Research Milestones

People from every walk of life are living healthier, more active lives – thanks to the medical breakthroughs pioneered by American Lung Association researchers and their colleagues worldwide. 

Since 1915, our researchers have made significant contributions/milestones in the fight against lung disease by revolutionizing treatment and unlocking secrets of the body's immune systems.  As such, premature babies are less likely to die for respiratory distress syndrome; TB rates are at an all time low; and young and old with chronic lung diseases are benefitting from improved treatment options such as lung transplantation, oxygen therapy and genetically-based medicines.  

Unfortunately, while research makes such a difference in our lives, most medical discoveries go unseen and unheralded.  In fact, most researchers will dedicate their entire career with the hope of finding that one major breakthrough that will lead to a cure for a particular lung disease.   The Unseen Giants Video below describes the tremendous perseverance of a typical researcher funded by the American Lung Association.


Click to play Unseen Giants

1920: The National Association embarked on a research program to treat and cure TB.

1929: The research committee of the National Association began supporting investigations into various improved X-ray machines and techniques. A consultation service on X-ray was established and, in cooperation with commercial manufacturers, equipment and techniques were radically changed.

1935: The tuberculin test and the X-ray became twin tools of diagnosis.

1948: The National Association began its medical research and teaching fellowships award program that targeted young physicians or students in related fields at the pre- and post-doctoral level. Sixty years later the program has spent well over $60 million dollars helping close to 3,000 young people pursue this goal.

1950: Dr. Edith Lincoln, a grantee, observed and reported that isoniazid prevented the development of serious complications in children such as miliary tuberculosis and tuberculous meningitis. Public Health Service trials underscored isoniazid's important role as a prophylactic agent for household contacts of tuberculosis patients.

1956: The Research Program was expanded to include all lung diseases. Funds were provided to determine the practicality and procedures of pulmonary function screening tests given on a mass scale to apparently normal population groups.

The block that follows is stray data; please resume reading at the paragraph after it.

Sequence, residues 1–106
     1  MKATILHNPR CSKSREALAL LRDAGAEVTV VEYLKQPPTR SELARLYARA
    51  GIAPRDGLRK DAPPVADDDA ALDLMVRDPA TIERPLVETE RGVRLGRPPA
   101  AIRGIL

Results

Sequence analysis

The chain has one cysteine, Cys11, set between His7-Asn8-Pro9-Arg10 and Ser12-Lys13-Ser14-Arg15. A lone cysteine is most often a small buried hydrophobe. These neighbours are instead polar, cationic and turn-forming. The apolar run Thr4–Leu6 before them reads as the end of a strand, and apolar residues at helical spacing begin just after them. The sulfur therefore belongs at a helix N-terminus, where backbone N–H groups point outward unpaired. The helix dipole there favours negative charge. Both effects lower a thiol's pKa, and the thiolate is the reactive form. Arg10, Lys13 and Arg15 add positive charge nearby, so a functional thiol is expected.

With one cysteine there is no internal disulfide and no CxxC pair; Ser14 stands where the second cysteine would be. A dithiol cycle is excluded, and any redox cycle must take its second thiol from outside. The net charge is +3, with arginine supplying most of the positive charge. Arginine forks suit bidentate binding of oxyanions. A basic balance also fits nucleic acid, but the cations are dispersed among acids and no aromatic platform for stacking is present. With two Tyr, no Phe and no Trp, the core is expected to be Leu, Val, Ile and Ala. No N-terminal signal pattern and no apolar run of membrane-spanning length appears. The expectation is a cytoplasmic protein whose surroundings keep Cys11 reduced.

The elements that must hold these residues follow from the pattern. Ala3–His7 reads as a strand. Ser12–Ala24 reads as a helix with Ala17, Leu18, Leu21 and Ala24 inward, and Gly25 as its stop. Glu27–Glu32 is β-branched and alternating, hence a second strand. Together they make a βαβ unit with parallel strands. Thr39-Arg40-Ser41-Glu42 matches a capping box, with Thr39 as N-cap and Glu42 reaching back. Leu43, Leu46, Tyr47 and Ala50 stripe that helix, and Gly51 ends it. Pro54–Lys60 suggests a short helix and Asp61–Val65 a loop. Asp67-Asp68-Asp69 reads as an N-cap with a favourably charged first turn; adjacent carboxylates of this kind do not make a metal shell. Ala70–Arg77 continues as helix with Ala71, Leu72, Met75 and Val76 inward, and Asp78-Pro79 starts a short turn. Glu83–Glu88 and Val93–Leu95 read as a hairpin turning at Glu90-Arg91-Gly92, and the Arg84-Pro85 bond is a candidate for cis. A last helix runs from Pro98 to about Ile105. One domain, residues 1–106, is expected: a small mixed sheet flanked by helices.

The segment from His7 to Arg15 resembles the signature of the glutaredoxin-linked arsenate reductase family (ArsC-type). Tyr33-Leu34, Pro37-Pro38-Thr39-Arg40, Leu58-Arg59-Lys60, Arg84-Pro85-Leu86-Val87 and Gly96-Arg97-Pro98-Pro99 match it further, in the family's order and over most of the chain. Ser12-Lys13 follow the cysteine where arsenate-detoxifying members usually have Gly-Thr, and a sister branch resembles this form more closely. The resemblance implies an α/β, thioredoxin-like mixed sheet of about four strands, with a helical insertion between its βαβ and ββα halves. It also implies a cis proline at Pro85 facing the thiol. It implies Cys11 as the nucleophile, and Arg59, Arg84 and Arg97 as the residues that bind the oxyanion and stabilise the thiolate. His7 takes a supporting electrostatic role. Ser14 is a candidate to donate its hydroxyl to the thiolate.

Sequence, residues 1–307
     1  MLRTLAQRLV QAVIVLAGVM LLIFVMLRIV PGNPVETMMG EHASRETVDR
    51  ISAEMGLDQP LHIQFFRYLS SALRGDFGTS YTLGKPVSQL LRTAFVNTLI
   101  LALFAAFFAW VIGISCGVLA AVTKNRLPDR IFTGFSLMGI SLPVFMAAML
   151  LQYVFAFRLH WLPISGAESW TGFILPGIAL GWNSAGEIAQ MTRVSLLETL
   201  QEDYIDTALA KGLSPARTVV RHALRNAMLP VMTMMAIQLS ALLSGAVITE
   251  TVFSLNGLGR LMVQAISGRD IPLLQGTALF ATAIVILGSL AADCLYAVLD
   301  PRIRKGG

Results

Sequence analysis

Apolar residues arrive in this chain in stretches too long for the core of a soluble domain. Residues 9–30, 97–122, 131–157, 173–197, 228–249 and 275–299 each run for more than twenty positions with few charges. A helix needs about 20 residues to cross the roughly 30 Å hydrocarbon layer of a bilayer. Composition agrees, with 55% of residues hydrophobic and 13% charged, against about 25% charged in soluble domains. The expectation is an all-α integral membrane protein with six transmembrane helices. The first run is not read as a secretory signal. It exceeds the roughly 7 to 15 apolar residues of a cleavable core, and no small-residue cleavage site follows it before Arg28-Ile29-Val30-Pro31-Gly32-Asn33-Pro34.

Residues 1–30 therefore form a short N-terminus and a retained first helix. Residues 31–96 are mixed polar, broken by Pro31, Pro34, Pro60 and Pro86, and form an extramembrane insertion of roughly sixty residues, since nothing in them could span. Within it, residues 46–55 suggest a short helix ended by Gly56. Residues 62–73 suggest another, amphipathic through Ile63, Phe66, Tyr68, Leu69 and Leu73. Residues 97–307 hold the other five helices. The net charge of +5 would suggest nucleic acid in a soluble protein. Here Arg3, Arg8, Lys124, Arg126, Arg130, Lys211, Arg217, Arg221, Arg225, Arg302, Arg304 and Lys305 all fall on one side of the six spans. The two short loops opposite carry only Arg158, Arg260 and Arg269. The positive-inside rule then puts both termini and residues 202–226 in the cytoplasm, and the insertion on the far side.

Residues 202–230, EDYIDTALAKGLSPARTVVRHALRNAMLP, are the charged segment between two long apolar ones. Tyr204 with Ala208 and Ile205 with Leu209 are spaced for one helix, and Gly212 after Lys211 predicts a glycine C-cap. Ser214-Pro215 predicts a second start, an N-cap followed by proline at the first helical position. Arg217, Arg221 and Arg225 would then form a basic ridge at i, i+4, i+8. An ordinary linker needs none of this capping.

1959: Dr. Mary Ellen Avery, a grantee, discovered that the lungs of babies with respiratory distress syndrome lack the fatty substance, surfactant. For her continued investigative work in this field she was awarded the National Medal of Science in 1991.

1973: The National Association changed its name to the American Lung Association.

1983: Una Loy Clark, wife of the world's first artificial heart recipient, Dr. Barney Clark, testified on behalf of the American Lung Association before a Senate committee and appeared at the White House to publicize the dangers of smoking.

1989: Dr. Michael Iannuzzi, a grantee, helped discover the cystic fibrosis gene, an often fatal lung disease that affects 30,000 Americans and is the result of a defective gene that causes the body to produce abnormally thick mucus, which clogs the lungs and leads to life-threatening lung infections.

1995: An independent evaluation of the Awards and Grants Program found that up to 90% of awardees went on to a successful career in lung health.

2001: The American Lung Association Asthma Clinical Research Centers found that the flu shot was safe for children and adults with asthma.

2007: The American Lung Association Asthma Clinical Research Centers found that the longstanding practice of prescribing heartburn medication to be ineffective and unnecessarily expensive for some asthma patients who did not exhibit symptoms associated with acid reflux such as heartburn or stomach pain.

2008: Dr. Alan Fields, a grantee at Mayo Clinic Florida, identified a major oncogene that may cause the development of lung cancer and that a drug approved to treat arthritis may function in inhibiting the growth of tumor cells.

2009: The American Lung Association Asthma Clinical Research Centers found that the methacholine challenge test was more effective in diagnosing asthma correctly in African Americans compared to Caucasian participants. This was the first study to show a racial difference in MCT diagnostic sensitivity between African Americans and Caucasians.

2011: The American Lung Association Asthma Clinical Research Centers published an article highlighting the multiple accomplishments of the Network over the past 12 years.

2013: American Lung Association awardee, Dr. Ruchi Gupta, was highlighted on ABC, NBC and in the Chicago Tribune for her work in Chicago public schools regarding asthma awareness. Dr. Gupta’s research is attempting to empower students to address factors impacting asthma in their community.